Heart Healthy Changes to Canada’s Food Guide

Canada’s Food Guide has gone through an overhaul, and the result has some great new recommendations to help keep Canadian Hearts Healthy!

What’s different:

There has been a shift from the four food groups we are used to with recommended servings in each, to a more simple “pattern of eating” approach. The food guide recommends filling ½ of your plate with a variety of fruits and vegetables, ¼ of your plate with whole grain choices, and ¼ of your plate with healthy protein options. It’s about how you eat the majority of the time that makes the most impact. Notice here that dairy is not a stand alone food group anymore, but YES, it still does exist, just as part of the protein section. The re-naming of Meats & Alternatives, to simply protein is to take some of the emphasis off of meat, and instead towards choosing more plant based protein choices.

How this impacts your heart:

As the Food Guide states: “Dietary choices made on a regular basis form a person’s pattern of eating. Over time, patterns of eating can lead to better or worse health outcomes.”
With this is mind; the creators have looked at the evidence that reducing saturated fat in your diet lowers your LDL (“bad”) cholesterol. Which is why they are encouraging Canadians to eat less meat, as this is where most of the saturated fat in our diets come from. They are encouraging Canadians to look at plant based protein options instead, which have far less saturated fats as well as other heart health benefits! YAY!

But what’s really great, is the understanding that the real impact in reducing your heart disease risk and mortality is by REPLACING saturated fat with polyunsaturated fats. When you eat, the various nutrients in the foods on your plate impact each other, and the way our body is then affected. What has been realized is that simply taking out saturated fat doesn’t do the trick. What does however, is replacing those saturated fats with polyunsaturated fats. There are two types of unsaturated fats, poly & mono. Both are much better choices than saturated fats, but when used as a replacement, polyunsaturated fats, have been scientifically shown to reduce your risk of heart disease and mortality.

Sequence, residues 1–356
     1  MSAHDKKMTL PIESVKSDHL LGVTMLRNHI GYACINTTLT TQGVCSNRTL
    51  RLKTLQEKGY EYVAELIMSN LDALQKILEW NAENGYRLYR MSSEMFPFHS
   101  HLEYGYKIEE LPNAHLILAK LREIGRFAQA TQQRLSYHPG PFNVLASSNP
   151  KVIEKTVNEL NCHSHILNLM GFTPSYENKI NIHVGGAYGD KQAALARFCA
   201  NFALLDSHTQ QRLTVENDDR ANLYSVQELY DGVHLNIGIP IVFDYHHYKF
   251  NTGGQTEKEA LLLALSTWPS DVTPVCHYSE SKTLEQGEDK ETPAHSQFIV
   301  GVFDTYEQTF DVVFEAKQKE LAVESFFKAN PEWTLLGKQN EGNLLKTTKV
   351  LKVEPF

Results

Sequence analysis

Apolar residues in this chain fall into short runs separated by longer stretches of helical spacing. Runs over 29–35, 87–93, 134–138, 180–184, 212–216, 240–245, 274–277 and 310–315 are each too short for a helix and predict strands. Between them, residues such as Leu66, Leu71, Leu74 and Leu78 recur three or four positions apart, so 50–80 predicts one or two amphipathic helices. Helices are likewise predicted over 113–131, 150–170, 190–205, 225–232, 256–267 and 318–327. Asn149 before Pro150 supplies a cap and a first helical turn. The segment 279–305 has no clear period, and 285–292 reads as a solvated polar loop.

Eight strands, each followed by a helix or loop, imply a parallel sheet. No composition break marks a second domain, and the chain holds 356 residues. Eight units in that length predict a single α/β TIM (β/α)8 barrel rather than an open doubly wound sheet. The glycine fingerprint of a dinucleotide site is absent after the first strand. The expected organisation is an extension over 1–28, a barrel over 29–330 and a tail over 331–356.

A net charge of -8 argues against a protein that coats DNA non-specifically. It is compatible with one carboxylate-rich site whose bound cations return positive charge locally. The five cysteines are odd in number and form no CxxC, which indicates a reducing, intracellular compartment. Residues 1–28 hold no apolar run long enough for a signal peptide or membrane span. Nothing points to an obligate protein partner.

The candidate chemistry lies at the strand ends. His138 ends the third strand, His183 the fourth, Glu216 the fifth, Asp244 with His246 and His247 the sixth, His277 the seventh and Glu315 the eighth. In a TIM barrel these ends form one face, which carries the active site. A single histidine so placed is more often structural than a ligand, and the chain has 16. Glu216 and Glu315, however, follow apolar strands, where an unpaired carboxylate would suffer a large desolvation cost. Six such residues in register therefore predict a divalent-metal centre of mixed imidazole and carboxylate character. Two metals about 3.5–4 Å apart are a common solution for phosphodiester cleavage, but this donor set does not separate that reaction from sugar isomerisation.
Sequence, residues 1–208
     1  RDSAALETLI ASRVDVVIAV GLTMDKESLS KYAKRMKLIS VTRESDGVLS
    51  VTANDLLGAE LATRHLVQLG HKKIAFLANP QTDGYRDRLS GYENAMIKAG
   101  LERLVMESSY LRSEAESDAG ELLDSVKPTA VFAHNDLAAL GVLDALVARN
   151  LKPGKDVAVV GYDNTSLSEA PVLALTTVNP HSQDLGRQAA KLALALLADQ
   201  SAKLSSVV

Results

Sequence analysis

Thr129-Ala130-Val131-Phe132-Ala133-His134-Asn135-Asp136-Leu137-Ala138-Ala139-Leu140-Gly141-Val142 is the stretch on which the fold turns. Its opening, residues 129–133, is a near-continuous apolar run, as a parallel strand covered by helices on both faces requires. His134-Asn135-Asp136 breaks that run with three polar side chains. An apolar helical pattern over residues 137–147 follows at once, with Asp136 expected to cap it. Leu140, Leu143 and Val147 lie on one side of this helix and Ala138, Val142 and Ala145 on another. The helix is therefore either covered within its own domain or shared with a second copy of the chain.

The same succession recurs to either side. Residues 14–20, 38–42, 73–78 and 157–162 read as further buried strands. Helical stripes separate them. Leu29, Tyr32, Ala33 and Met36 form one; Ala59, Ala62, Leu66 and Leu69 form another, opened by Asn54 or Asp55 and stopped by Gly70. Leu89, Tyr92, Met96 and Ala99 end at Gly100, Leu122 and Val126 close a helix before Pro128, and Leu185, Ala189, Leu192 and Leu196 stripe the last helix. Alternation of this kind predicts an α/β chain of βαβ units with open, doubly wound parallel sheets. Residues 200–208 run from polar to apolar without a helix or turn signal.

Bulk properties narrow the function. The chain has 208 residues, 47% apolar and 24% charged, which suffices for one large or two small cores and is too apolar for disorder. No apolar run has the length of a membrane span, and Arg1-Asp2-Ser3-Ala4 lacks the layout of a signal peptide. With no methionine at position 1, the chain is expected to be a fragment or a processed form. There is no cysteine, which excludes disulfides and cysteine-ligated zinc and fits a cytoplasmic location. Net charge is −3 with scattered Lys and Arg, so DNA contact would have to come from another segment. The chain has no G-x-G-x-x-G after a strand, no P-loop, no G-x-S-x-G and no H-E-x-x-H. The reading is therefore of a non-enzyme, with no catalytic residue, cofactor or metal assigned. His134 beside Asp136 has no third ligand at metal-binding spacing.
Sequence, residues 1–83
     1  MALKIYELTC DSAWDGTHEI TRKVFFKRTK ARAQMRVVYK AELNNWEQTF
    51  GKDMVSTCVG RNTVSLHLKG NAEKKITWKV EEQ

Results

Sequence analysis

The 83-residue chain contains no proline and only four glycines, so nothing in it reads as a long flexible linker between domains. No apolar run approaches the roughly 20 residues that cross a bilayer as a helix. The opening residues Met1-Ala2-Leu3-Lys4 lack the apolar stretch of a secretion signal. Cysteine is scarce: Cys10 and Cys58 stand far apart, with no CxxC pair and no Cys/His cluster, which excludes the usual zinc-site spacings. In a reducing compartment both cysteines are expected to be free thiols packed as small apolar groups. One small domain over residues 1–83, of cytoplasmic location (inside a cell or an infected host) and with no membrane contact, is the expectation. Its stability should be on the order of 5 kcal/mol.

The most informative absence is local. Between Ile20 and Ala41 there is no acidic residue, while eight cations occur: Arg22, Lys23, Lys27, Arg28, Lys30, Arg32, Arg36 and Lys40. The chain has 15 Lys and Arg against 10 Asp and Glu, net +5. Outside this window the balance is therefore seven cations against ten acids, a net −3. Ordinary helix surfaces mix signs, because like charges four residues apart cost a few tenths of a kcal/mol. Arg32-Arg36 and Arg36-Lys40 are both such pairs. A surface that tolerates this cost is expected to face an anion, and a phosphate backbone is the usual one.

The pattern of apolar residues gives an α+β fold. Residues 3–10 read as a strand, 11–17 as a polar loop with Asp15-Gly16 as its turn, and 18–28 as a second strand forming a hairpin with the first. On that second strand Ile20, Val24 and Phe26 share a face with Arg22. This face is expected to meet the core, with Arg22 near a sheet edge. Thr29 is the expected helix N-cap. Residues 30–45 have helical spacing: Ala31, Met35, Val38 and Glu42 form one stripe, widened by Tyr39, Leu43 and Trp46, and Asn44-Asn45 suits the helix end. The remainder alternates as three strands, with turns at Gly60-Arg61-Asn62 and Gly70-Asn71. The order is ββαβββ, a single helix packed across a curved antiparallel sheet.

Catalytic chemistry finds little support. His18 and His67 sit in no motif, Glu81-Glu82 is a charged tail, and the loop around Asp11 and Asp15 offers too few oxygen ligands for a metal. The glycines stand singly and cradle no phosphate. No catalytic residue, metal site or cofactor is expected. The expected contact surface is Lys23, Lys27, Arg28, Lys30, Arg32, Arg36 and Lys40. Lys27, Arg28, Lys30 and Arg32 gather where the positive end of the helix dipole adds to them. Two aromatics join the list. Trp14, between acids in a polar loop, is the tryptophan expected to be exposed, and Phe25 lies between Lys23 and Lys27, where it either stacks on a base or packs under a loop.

Below is a guideline from Canada’s Food guide along with their rationale:

Guideline 1
Nutritious foods are the foundation for healthy eating.

  • Vegetables, fruit, whole grains, and protein foods should be consumed regularly. Among protein foods, consume plant-based more often.
    • Protein foods include legumes, nuts, seeds, tofu, fortified soy beverage, fish, shellfish, eggs, poultry, lean red meat including wild game, lower fat milk, lower fat yogurts, lower fat kefir, and cheeses lower in fat and sodium.
  • Foods that contain mostly unsaturated fat should replace foods that contain mostly saturated fat.
  • Water should be the beverage of choice.

Heath Canada’s Rationale behind replacing saturated fats:

Health Canada recommends replacing foods that contain mostly saturated fat with foods that contain mostly unsaturated fat to promote cardiovascular health. The type of fat consumed over time is more important for health than the total amount of fat consumed.